This is part of Six Months In, a Slate series reflecting on half a year of coronavirus lockdown in America.
For half a year, the grocery aisle has doubled as a barometer of how well we’re handling life in a pandemic. Empty shelves revealed which commodities consumers really prized for safety, comfort, and entertainment. They also illustrated how well our gargantuan and complex supply chains had met a moment of crisis.
I’ve been covering retail shortages since the economic shutdowns began this spring, examining supply chains of the most-sought-after pandemic purchases. And I’ve noticed one recurring culprit when a coveted product disappears from stores: packaging.
Supply chain managers have struggled throughout this crisis to find the things they need to store the products they sell. There aren’t enough cardboard boxes for pasta. There aren’t enough paper satchels for dried yeast. And there aren’t enough plastic canisters for disinfectant wipes. This isn’t the only reason you can’t find what you’re looking for at the store, but it’s often a major factor. So why can’t the packaging industry, worth $900 billion worldwide, manage to keep up?
To be fair, it’s difficult to sharply ramp up the manufacturing of any product to meet a surge in demand. But it turns out that packaging presents some unique challenges. This isn’t primarily because of the materials, like aluminum or paper. Instead, it’s about factories’ limited capacity to turn those materials into the specific kinds of containers consumers require. As a report from McKinsey spells out, closures of public venues like restaurants and stadiums severely depressed demand for the bulk packaging of food, toilet paper, and other products. But consumers were simultaneously seeking out the same products for use at home, and in larger quantities than usual. That meant there was greater need for smaller packaging formats. Manufacturers had to either switch over production lines meant for bulk-size packaging or run preexisting ones devoted to smaller packaging at much higher speeds.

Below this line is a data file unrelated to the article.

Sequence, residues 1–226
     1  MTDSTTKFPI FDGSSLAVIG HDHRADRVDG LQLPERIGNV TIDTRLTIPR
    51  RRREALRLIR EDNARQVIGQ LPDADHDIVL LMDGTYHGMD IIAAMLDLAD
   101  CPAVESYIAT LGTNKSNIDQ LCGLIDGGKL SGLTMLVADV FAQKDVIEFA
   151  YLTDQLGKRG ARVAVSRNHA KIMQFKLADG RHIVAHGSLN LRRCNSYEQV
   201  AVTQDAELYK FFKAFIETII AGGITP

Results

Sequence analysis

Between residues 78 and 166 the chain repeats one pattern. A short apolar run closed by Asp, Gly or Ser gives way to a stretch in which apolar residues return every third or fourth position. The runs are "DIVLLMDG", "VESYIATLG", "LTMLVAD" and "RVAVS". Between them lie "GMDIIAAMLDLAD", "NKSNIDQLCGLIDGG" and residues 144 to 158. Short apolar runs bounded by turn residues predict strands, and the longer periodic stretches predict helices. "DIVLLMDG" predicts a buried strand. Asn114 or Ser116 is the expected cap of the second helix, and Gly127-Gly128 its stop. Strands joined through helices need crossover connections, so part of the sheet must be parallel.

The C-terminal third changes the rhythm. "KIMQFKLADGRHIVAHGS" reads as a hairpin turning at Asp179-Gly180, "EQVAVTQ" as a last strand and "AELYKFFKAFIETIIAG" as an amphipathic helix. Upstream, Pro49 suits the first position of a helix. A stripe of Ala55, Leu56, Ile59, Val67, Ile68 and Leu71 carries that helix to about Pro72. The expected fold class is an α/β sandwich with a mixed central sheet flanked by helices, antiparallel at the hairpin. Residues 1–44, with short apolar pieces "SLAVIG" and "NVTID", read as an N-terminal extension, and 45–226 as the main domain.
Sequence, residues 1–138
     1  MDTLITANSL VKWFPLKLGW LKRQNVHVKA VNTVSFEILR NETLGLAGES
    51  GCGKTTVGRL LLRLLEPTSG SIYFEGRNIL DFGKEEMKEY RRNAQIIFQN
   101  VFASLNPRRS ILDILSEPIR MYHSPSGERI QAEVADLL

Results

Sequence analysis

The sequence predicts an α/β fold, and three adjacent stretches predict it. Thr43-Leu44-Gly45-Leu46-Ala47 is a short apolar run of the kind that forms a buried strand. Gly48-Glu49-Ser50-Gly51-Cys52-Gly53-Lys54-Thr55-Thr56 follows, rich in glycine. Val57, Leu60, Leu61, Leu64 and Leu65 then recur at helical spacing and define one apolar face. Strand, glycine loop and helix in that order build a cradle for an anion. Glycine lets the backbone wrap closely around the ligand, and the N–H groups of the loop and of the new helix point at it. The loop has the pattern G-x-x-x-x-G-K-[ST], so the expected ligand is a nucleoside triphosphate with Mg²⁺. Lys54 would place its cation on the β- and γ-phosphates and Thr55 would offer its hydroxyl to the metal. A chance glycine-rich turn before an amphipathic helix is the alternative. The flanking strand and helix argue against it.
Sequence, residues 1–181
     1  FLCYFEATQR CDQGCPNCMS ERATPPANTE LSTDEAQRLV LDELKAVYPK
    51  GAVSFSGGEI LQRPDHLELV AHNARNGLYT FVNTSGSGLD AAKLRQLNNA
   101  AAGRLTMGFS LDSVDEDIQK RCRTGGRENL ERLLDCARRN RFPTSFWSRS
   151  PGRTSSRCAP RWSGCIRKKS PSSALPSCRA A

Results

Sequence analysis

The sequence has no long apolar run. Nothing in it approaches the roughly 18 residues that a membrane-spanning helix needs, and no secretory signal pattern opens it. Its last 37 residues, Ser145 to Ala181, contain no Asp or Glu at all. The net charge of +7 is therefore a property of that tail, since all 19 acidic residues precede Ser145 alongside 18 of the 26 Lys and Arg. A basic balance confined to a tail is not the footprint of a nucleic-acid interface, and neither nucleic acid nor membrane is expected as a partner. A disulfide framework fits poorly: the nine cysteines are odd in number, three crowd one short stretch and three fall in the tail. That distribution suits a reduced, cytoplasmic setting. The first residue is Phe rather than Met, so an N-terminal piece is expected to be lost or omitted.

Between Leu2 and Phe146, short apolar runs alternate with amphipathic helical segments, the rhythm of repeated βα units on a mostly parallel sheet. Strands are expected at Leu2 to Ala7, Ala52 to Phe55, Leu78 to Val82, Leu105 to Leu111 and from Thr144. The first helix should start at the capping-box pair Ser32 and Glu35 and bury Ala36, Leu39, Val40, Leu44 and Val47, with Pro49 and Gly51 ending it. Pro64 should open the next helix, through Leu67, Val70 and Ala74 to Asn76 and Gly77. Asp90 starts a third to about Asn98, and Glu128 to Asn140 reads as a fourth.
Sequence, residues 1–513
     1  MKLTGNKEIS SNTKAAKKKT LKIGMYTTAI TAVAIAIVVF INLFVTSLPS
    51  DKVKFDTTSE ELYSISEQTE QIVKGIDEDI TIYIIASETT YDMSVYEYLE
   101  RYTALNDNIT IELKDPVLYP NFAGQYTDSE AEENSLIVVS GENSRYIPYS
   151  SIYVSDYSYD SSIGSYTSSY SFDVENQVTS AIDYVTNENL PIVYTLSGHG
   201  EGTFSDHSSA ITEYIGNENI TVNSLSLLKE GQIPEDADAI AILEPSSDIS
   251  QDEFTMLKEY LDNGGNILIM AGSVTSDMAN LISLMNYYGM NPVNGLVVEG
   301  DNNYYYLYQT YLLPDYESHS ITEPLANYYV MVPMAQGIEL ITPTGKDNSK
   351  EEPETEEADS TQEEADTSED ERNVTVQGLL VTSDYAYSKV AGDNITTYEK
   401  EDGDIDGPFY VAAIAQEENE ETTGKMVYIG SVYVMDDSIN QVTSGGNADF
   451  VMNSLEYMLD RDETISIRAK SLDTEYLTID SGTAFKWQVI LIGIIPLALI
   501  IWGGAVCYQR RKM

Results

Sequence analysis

“That’s not easy to do in a short period of time,” said Matthew Daum, director of Michigan State University’s School of Packaging. “All that machinery is finely tuned and takes up a certain amount of space and is built around a certain package format.” For example, to convert a factory that typically turns out 5-gallon bags for instant rice into one that makes 12-ounce pouches, you’d either have to buy brand-new equipment or retrofit older units at a high cost. Hence: Maybe instant rice is a hot commodity for a few weeks.
Beer is another good example. Since Americans have been forced to do more of their drinking at home rather than at bars, demand for kegs has plummeted while demand for retail containers has skyrocketed. In the spring, that translated into a shortage of aluminum cans, which saw a nearly 30 percent rise in demand from March to early May. (Just a 5 percent swing can be significant enough to disrupt the beer industry’s supply chains.) Even now, some aluminum suppliers are reporting the lowest inventory levels they’ve ever had, with increased consumer demand for soft drinks, hard seltzers, and canned foods also exacerbating the shortage. Molson Coors, which owns Miller Lite, has actually lost market share because it’s had to cease production of some canned beers. In the soda sector, Coca-Cola Co. is also reporting shortages of Cherry Coke and Pibb Xtra, which it attributes to can scarcity.
“It was a perfect storm,” said John Rost, vice president of global sustainability and regulatory affairs for Pennsylvania-based packaging supplier Crown Holdings. While the industry had already seen a trend in consumer preference for cans over the past five to six years because of their recyclability, it wasn’t ready for this shock. “We’re doing everything we can, but the market is basically sold out. Every manufacturing facility in the country is running 24/7.”